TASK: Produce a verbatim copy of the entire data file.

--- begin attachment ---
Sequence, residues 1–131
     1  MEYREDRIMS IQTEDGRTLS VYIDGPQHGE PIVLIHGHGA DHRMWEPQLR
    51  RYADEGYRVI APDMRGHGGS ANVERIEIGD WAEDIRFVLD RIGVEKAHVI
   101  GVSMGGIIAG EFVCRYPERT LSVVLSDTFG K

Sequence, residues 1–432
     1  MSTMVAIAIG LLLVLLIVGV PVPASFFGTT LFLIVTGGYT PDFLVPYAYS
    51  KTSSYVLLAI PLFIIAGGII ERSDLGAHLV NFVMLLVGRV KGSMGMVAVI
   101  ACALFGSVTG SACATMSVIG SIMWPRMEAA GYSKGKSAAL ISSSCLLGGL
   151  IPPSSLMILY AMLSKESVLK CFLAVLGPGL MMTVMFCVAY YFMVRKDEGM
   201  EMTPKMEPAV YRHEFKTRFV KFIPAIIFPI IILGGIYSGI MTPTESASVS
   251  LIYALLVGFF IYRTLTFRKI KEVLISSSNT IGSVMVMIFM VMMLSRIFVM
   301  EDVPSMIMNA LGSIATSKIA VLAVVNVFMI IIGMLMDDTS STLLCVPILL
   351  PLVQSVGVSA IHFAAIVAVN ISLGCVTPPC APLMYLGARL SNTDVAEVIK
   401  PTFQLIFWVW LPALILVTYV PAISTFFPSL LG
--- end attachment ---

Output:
Sequence, residues 1–131
     1  MEYREDRIMS IQTEDGRTLS VYIDGPQHGE PIVLIHGHGA DHRMWEPQLR
    51  RYADEGYRVI APDMRGHGGS ANVERIEIGD WAEDIRFVLD RIGVEKAHVI
   101  GVSMGGIIAG EFVCRYPERT LSVVLSDTFG K

Sequence, residues 1–432
     1  MSTMVAIAIG LLLVLLIVGV PVPASFFGTT LFLIVTGGYT PDFLVPYAYS
    51  KTSSYVLLAI PLFIIAGGII ERSDLGAHLV NFVMLLVGRV KGSMGMVAVI
   101  ACALFGSVTG SACATMSVIG SIMWPRMEAA GYSKGKSAAL ISSSCLLGGL
   151  IPPSSLMILY AMLSKESVLK CFLAVLGPGL MMTVMFCVAY YFMVRKDEGM
   201  EMTPKMEPAV YRHEFKTRFV KFIPAIIFPI IILGGIYSGI MTPTESASVS
   251  LIYALLVGFF IYRTLTFRKI KEVLISSSNT IGSVMVMIFM VMMLSRIFVM
   301  EDVPSMIMNA LGSIATSKIA VLAVVNVFMI IIGMLMDDTS STLLCVPILL
   351  PLVQSVGVSA IHFAAIVAVN ISLGCVTPPC APLMYLGARL SNTDVAEVIK
   401  PTFQLIFWVW LPALILVTYV PAISTFFPSL LG